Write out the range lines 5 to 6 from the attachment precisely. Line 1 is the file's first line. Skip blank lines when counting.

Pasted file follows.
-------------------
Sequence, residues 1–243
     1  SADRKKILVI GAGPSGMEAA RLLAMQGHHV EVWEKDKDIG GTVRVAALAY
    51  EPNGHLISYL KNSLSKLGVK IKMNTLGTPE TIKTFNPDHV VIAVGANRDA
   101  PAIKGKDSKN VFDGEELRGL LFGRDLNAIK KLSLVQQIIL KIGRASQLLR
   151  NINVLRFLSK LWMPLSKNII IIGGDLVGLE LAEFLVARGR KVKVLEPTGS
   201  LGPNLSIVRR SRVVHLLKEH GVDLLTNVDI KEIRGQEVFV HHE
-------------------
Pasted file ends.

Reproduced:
   151  NINVLRFLSK LWMPLSKNII IIGGDLVGLE LAEFLVARGR KVKVLEPTGS
   201  LGPNLSIVRR SRVVHLLKEH GVDLLTNVDI KEIRGQEVFV HHE